Sorry,I'm going to sound like your mother...  smiley-razz   IMO - It's just a bad idea to encourage you & your friend to "floor it" all the time to get the full-effect.    You might consider finding a way to detect the RPM, and run the LEDs from engine speed rather than throttle position.   You would still have to rev it up to get an effect, but reving at light loads or low gears is not as hard on the car  (and not as quite as dangerous) as flooring-it all the time.   

A string of LED's showing throttle position as a bar-graph or dot-graph would probably be OK, but personally I don't like the idea of dim LEDs at less-than-maximum throttle position, because anything less than full-throttle is no fun!

Like I said, we haven't decided on the external circuitry but I need something that will boost the Arduino output into the 12V range (when the output is at 5V) and I also need to keep it at the full range of travel. As for whether or not I'll find an op amp that can drive that much power... I'm not worried as I can always just use the output from the op amp to drive a transistor.

As for "flooring it..." it's not my car (I wish it was). My friend's foot stays on the floor most of the time anyway. smiley-grin Since they're scoop lights on the hood of the car, he won't be able to see probably 95% of the lighting anyway. We're just looking for a cool effect for people to see him coming in their rearview mirror as his foot continues to drive towards the floor. More than anything, we're hoping it'll have a psychological effect on people so when they look in the rearview mirror they see the light intensity changing with what appears to be his acceleration. That'll give them a hint as to how fast he's accelerating relative to their position on the road. Not sure if it'll work precisely that way but the only way to find out is to test it.

I appreciate the concern, though. smiley
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More than anything, we're hoping it'll have a psychological effect on people so when they look in the rearview mirror
Well, I know what I think when I see stuff like that in the mirror.
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More than anything, we're hoping it'll have a psychological effect on people so when they look in the rearview mirror
Well, I know what I think when I see stuff like that in the mirror.
LOL!
It certainly would have a 'psychological effect on people' but I don't think it's the one you're looking for.
(And generally, anything that needs a glowing light in the hood scoop that changes with rpm to 'give them a hint as to how fast he's accelerating' is going to spend most of its time in the rear view mirror!!)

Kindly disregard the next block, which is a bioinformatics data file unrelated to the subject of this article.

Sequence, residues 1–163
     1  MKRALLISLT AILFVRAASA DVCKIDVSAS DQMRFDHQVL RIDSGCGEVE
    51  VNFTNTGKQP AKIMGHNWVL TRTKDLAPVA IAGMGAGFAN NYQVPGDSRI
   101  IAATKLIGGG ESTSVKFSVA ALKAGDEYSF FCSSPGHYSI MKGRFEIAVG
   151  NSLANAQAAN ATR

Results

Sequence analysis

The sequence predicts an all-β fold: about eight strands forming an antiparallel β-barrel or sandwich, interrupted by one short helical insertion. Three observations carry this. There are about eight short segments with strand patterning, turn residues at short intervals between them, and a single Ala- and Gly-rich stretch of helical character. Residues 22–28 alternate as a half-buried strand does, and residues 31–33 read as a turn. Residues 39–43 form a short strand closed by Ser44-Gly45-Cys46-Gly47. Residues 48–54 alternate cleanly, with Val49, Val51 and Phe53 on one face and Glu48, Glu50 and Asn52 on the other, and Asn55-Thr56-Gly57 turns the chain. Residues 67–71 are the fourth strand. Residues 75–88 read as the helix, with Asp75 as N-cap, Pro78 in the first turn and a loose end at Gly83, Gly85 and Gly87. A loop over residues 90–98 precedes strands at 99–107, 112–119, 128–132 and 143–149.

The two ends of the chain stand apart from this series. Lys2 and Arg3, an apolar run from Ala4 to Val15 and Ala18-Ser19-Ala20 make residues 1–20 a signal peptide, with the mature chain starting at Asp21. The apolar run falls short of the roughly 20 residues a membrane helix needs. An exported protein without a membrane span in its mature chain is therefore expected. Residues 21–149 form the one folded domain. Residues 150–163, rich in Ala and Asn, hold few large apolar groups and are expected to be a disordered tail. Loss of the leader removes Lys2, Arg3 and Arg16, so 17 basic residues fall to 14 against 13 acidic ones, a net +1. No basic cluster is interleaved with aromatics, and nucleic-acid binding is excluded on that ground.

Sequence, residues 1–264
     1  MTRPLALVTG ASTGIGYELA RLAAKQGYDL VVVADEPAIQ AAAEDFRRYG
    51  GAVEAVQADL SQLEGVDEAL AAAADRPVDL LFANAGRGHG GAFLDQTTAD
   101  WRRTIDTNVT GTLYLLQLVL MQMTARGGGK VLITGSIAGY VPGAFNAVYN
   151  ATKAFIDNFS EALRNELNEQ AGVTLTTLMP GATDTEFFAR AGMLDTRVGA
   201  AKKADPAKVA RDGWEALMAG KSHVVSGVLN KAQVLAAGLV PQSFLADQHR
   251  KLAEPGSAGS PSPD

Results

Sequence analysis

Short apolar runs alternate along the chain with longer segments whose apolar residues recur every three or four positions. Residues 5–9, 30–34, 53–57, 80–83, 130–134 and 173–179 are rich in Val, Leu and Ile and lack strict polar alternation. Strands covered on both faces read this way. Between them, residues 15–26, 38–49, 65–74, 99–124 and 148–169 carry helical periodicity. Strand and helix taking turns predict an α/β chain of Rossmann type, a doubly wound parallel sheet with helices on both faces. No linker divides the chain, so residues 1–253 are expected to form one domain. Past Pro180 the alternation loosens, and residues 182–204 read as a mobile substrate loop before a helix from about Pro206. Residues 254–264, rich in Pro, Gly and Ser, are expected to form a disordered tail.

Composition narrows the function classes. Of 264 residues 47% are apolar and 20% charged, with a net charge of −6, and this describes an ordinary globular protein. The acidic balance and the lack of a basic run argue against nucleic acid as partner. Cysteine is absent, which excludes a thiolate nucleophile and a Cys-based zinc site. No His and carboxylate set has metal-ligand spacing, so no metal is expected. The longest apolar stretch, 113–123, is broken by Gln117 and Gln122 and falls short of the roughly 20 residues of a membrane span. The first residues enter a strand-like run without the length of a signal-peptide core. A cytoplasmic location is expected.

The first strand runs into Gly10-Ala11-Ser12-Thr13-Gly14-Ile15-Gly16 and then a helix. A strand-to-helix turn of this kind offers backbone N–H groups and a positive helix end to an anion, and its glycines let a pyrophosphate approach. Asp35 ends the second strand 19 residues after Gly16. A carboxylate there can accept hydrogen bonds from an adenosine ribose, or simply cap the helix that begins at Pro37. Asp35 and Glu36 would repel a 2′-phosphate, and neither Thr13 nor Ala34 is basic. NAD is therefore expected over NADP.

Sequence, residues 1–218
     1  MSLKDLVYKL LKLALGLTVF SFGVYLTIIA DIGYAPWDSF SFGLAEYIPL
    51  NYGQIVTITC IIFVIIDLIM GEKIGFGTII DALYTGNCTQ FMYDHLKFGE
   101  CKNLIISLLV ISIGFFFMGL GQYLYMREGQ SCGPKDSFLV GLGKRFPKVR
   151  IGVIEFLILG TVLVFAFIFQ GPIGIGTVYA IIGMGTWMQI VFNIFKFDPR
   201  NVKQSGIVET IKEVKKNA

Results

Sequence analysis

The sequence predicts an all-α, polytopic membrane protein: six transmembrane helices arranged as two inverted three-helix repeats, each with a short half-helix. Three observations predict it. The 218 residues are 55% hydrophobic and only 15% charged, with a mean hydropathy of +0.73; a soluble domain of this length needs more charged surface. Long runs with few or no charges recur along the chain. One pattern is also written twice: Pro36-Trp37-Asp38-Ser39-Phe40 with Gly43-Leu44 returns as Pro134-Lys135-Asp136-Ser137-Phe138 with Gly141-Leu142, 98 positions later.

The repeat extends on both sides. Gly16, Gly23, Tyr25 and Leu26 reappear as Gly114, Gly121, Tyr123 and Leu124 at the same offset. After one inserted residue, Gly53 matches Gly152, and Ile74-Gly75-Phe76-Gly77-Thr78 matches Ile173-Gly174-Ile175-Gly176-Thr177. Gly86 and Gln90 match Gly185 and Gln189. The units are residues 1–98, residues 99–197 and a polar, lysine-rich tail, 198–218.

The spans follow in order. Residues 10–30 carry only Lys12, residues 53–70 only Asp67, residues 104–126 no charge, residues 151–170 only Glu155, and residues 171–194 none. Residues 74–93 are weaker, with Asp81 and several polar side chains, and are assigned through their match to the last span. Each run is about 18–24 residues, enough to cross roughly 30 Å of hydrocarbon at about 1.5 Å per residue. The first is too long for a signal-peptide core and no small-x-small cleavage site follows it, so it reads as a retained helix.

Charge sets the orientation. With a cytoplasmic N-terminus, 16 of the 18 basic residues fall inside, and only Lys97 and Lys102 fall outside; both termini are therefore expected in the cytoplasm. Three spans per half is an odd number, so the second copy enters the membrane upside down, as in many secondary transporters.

« Last Edit: July 30, 2012, 03:49:38 am by nitrolx » Logged

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I'm not worried as I can always just use the output from the op amp to drive a transistor.
Why mess around with an op amp, just drive the transistor directly http://www.ladyada.net/products/rgbledstrip/ or http://www.instructables.com/id/Use-Arduino-with-TIP120-transistor-to-control-moto/

To prolong your lead footed friends life how about inverting the logic so it starts off bright a zero MPH and gets dimmer the faster they go smiley-lol
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More than anything, we're hoping it'll have a psychological effect on people so when they look in the rearview mirror
Well, I know what I think when I see stuff like that in the mirror.
LOL!
It certainly would have a 'psychological effect on people' but I don't think it's the one you're looking for.
(And generally, anything that needs a glowing light in the hood scoop that changes with rpm to 'give them a hint as to how fast he's accelerating' is going to spend most of its time in the rear view mirror!!)

smiley

I think the wording "psychological effect" gave far too much of a dramatic image in mind. We just want it to have the same kind of subtle effect as a turn signal - probably even less than that. We don't want anything blinding and the lighting will mostly be subdued (more of an ambient glow than any sort of glare).

It'll be tasteful. We don't do any projects that are gimmicky or tacky. And if we put it in and it does end up appearing that way then it'll be pulled right back out. I'm just trying to get a better idea as to how to set it up on the Arduino. I did a little research on the map() function but the explanations don't make a lot of sense to me. Could someone explain it a little better in laymen's terms for me? I know it's a noob question but I'm not afraid to admit that I simply don't know how something works.